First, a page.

Wednesday, November 14, 2012

The latest proposal to allow Wyoming ranchers to keep streams flowing for fish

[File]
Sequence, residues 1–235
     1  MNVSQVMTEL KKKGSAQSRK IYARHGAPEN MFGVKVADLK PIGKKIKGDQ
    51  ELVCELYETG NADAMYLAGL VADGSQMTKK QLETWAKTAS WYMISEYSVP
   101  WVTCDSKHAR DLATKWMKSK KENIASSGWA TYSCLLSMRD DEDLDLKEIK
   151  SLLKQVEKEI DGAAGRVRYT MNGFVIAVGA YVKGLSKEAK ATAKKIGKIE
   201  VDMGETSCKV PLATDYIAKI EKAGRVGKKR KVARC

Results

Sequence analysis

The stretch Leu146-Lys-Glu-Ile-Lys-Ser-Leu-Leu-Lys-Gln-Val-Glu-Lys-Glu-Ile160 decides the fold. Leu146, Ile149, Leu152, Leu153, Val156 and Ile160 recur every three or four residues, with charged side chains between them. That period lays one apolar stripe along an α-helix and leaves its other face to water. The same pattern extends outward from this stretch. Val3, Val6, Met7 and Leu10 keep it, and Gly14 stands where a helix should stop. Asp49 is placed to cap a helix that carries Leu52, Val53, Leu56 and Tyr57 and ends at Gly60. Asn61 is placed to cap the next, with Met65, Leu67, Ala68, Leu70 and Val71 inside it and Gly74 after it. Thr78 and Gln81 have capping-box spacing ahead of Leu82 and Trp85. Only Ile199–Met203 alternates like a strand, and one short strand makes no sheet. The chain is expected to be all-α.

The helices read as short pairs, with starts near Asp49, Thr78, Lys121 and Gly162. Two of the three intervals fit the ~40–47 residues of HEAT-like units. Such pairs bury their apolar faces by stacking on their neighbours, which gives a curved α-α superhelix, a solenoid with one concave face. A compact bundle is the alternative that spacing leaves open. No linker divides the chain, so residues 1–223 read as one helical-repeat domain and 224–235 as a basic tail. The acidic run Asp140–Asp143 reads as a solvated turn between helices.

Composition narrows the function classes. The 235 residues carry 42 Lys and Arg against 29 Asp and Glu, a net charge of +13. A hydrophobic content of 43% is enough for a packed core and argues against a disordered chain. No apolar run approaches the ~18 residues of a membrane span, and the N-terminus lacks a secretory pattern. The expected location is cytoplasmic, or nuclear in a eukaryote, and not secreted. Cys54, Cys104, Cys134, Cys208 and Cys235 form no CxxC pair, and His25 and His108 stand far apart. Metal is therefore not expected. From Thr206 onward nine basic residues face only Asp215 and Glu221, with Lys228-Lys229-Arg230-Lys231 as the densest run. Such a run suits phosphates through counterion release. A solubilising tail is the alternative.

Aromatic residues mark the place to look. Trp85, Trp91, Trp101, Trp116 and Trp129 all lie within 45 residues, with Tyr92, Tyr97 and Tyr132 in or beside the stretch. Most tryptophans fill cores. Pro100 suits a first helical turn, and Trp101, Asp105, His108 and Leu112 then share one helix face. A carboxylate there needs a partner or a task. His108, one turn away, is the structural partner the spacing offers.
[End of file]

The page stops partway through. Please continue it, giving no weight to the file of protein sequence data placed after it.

Conservation advocates are pushing for approval of a bill by the legislature this January that would allow private landowner to lease their water rights temporarily to groups such as Trout Unlimited. Those groups could then keep the water in the stream to help fish populations. Small streams that get too hot for fish, or dry up completely, would have a better chance of allowing trout to flourish, said Cory Toye, Wyoming Water Project Director with Trout Unlimited.  Wyoming water rights holders can already temporarily change the use of their water and lease it to the Highway Department or to energy development projects. Those uses are allowed because they are consumptive in the same sense water irrigation is a consumptive use. In-stream flow, because the water is left in the creek, is considered non-consumptive, Toye said. The currently proposed bill would add to the list of possible temporary changes, allowing leasing of water rights to organizations such as Trout Unlimited to keep the water in-stream for the benefit of fisheries and trout populations across the state, Toye said.  So what’s the incentive for landowners who hold precious water rights to support the leasing idea? Money. Toye said a typical Wyoming irrigator might, under the law, be able to lease 50 percent of the water right, the same amount presumed to be used for irrigation, Toye said. The owner would be paid for the water without giving up the claim for future use.  Exactly how much water rights would lease for is currently unknown as it will depend on the area and amount of water...more

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